The results of this analysis demonstrated that with the AerosolVE BioDome activated (fan on), no significant increase in the ambient particle counts near the tent nor in the cabin occurred under all AGP conditions across each transport platform. The particle count in the tent during the AGP without the motor on (levels significantly higher than ambient pre-treatment levels) was used as a surrogate for worst-case particle exposure to an EMS provider close to the patient in the absence of the tent.
The AerosolVE BioDome appears to effectively contain the release of aerosolized particles into the patient care compartment and thus may reduce risks to the patient attendant(s). Interestingly, during the serial tests, a gradual decline in the cabin air particle counts of the various transport vehicles was seen. As the AerosolVE BioDome is designed to entrain cabin air into the tent, which is subsequently filtered, this shows a gradual improvement in air quality and improved safety during the duration of the simulated care event.
For simplicity, the testing protocol excluded the use of a nebulizer, a common respiratory care device used in the prehospital setting, as previous testing had shown similar aerosolized particle generation from the particle generator and the nebulizer. Reference Haas, Bassin and Kota8 In seeking to test the device in a “worst-case scenario” (no air exchange), the study did not utilize built-in HVAC (ie, heat, ventilation, air conditioning) in the patient compartment of the ambulance. Any HVAC use would only serve to improve the ambient air quality by creating air exchange.
While a number of negative pressure/isolation “tents” have gained Emergency Use Authorization (EUA) for use within hospitals, none, to the authors’ knowledge, are approved for prehospital use, despite the protracted nature of the COVID-19 pandemic. Furthermore, some of these hospital-use tents rely on regular wall suction to produce a negative pressure within the tent and to prevent AGP-related increases in ambient particles, the efficacy of which has not been reported.
Given the impact on the workforce of infection and/or mandatory quarantine, many EMS systems have reduced their transport of patients with known or highly suspected COVID-19 infections or have modified treatment protocols (eg, using supraglottic airways rather than oral endotracheal intubation, metered-dose inhalers rather than nebulizer treatment) to reduce risks of EMS personnel. The AerosolVE BioDome can likely reduce EMS provider exposure during transport of any patient with unknown COVID-19 status, regardless of symptoms, and allow for maximal patient therapy.
Transport of COVID-19 positive military personnel has seen similar challenges as those described in the civilian EMS sector. Additionally, the necessity for multiple-patient transport is higher in the military sector. Negative pressure transport conexes have been designed to transport multiple infected individuals, but simultaneous use of AGPs within these containment systems has not been reported. Reference Correll13 Use of devices like the AerosolVE BioDome may offer additional options and improved safety for care staff.
This study was conducted on healthy volunteers who were breathing normally (not coughing) with simulated infectious droplets dispersed within the tent. The study elected to use a small convenience sample of volunteers rather than a large population as the focus of this study was to determine the device’s efficacy in preventing increases in ambient particle counts in the EMS transport cabin. Given the efficiency of the device in its ability to filter particles, it is unlikely that additional test participants would have made a significant difference in the results obtained. Future studies will be required examining the device and particle counts with real patients being transported and undergoing AGPs. In addition, studies will be required to examine EMS providers’ ability to actively manage and engage patients under the tent for more advanced AGPs such as endotracheal intubation or surgical airway management.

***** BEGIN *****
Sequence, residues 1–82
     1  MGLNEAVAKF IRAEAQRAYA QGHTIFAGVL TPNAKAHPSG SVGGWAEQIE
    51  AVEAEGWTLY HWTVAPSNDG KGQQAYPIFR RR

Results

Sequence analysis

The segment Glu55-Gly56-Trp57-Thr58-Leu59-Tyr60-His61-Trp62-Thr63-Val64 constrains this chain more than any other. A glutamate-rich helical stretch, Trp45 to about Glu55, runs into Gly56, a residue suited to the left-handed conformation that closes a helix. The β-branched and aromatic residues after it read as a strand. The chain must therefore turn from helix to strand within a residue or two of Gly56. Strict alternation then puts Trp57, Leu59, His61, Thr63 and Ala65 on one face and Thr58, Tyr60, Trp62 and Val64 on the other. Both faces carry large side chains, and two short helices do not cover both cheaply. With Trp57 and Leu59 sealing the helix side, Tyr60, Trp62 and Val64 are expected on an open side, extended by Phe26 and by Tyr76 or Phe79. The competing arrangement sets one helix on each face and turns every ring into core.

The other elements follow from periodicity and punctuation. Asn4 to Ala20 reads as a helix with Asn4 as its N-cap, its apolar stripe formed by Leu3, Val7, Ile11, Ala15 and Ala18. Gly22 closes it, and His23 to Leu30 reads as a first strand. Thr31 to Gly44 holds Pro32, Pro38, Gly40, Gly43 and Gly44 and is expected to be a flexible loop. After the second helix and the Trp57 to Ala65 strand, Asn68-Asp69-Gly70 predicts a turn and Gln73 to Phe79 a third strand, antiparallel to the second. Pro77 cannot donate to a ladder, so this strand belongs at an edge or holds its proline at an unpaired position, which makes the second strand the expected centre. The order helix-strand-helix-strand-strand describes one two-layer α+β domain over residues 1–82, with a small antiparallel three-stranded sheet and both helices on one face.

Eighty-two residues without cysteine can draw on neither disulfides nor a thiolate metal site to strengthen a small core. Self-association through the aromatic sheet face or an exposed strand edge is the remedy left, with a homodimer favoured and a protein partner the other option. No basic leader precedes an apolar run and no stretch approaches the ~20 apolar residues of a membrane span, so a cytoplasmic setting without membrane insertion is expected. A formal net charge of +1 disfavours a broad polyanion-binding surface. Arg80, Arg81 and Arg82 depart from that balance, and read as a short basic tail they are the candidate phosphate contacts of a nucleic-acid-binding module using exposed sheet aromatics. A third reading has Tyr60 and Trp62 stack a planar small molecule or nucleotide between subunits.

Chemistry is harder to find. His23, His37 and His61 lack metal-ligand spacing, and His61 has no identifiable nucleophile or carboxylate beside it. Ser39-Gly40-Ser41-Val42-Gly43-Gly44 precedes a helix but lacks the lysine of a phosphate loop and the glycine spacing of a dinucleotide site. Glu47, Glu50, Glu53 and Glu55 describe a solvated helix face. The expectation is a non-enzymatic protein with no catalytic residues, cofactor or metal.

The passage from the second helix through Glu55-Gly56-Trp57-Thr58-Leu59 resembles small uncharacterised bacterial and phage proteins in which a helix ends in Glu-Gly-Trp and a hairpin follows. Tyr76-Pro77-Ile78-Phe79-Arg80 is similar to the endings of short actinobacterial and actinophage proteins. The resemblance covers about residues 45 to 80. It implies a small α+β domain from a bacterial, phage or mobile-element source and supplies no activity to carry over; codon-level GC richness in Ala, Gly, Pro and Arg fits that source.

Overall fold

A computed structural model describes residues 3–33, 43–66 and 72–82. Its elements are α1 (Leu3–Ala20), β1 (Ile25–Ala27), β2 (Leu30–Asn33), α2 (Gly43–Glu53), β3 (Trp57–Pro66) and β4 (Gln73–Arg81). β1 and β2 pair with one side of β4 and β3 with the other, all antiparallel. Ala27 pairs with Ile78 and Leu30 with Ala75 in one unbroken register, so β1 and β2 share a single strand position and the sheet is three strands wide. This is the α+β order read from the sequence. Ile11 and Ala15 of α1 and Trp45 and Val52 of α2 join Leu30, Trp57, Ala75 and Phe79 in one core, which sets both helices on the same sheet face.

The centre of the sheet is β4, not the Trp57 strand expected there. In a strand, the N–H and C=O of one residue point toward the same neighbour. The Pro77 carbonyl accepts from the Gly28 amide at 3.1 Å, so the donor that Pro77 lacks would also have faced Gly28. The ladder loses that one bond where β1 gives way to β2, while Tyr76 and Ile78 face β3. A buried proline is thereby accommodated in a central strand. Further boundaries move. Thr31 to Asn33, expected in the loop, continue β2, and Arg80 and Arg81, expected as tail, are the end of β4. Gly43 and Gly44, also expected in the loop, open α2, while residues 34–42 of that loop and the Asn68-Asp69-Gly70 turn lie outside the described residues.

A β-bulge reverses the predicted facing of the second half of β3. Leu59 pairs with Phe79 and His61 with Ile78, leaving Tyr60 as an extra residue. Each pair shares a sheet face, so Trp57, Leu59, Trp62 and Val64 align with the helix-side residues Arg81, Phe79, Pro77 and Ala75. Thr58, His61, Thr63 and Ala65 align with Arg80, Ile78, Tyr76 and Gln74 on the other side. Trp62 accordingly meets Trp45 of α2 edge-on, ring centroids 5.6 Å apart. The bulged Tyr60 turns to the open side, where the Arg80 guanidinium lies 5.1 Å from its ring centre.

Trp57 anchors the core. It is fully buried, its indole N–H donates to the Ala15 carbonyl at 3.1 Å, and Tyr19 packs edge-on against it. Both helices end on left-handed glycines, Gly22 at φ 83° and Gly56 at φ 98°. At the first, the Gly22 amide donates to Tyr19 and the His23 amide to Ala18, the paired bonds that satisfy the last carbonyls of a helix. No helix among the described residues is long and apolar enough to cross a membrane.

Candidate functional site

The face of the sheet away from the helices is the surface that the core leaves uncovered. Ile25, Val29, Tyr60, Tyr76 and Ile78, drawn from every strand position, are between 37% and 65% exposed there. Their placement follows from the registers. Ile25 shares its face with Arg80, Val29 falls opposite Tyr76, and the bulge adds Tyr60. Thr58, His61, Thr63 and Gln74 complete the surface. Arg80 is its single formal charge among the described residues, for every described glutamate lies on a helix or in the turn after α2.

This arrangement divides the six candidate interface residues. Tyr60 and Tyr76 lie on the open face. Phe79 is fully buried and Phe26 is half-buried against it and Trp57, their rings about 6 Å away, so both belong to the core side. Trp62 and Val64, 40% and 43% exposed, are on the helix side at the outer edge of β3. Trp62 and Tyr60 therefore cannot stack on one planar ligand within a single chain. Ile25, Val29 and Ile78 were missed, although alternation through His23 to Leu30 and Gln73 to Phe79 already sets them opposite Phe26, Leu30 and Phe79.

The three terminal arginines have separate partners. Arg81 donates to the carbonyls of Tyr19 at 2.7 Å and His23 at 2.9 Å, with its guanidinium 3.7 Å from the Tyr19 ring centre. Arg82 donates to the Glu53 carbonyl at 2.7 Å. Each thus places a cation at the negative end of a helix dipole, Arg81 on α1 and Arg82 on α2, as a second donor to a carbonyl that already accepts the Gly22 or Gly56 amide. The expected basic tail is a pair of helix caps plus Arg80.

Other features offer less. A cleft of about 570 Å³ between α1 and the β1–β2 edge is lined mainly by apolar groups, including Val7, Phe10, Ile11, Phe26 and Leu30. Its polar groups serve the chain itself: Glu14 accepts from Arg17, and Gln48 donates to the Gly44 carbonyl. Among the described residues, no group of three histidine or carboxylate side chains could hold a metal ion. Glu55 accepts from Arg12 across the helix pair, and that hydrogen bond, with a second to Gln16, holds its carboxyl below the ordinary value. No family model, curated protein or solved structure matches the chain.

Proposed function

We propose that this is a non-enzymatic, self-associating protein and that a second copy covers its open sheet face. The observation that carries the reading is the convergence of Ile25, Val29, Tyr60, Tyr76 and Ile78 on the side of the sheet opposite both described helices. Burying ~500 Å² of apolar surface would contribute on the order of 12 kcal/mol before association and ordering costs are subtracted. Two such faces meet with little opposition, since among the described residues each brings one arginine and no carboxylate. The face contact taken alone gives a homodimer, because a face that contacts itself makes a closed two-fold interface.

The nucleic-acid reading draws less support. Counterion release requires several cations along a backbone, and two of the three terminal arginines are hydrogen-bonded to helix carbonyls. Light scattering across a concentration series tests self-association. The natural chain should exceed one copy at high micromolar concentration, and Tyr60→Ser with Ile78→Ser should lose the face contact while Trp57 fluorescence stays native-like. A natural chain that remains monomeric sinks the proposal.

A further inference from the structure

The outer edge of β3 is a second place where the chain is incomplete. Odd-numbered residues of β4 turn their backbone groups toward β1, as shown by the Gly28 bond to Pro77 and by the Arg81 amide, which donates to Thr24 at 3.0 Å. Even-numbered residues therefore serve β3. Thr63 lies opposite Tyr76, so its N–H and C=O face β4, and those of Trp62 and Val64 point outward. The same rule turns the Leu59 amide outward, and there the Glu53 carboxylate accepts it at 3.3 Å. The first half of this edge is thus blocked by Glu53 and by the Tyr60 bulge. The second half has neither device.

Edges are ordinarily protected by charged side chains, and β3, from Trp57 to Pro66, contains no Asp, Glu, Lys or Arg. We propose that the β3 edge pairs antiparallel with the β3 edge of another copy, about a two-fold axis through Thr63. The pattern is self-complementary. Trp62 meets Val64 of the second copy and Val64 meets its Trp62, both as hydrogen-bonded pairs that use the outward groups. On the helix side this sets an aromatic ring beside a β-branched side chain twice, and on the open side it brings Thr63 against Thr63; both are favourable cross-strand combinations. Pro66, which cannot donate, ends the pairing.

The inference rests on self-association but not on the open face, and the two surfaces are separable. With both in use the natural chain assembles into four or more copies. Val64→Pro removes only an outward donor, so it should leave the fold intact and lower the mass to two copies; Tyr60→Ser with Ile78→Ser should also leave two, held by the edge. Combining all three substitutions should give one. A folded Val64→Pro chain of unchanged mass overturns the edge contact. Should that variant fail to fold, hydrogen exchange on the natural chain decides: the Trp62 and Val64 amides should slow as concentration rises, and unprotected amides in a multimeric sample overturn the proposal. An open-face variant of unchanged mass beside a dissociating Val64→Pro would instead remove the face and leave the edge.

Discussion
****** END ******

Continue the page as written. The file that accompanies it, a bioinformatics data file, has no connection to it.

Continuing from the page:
As mentioned above, testing in the helicopter or jet with HVAC cabin air modulation was not possible due to high levels of environmental particles with the aircraft running. While it is believed this creates a “worst-case scenario” in that no cabin air is exchanged, it is difficult to say with certainty how HVAC would have impacted results.
The study design originally intended to use CPAP pressure at 10cm of water and HFNC with 60L/minute of flow. However, these levels of respiratory support were uncomfortable to the healthy volunteers and thus reduced to 5cm of water and 30L/minute, respectively. There were no adverse or safety events reported by participants or observed by the study team during the conduct of this study.
Given the risk posed by communicable respiratory diseases to prehospital medical providers, novel protective devices may improve safety for these caretakers while still enabling use of respiratory therapies known to increase aerosolization and risk of transmission of infectious agents. Development and testing of these devices are of paramount importance. While this is certainly true during the current pandemic, the same could be said about traditional “respiratory virus season,” when the function of the prehospital system depends heavily on a healthy workforce. The AerosolVE BioDome demonstrated efficacy in creating a negative pressure environment around simulated patients and provided significant filtration of simulated respiratory droplets, thus making the confined space of various EMS transport vehicle types potentially safer for EMS personnel.
Conflicts of interest/funding
Kevin Ward has intellectual property regarding the AerosolVE BioDome through the University of Michigan which has been licensed to Inspire Rx LLC. Kevin Ward, Benjamin Bassin, and Nathan Haas have equity in Inspire Rx LLC. Benjamin Bassin is the Chief Medical Officer for Inspire Rx LLC. The remaining authors have no competing interests.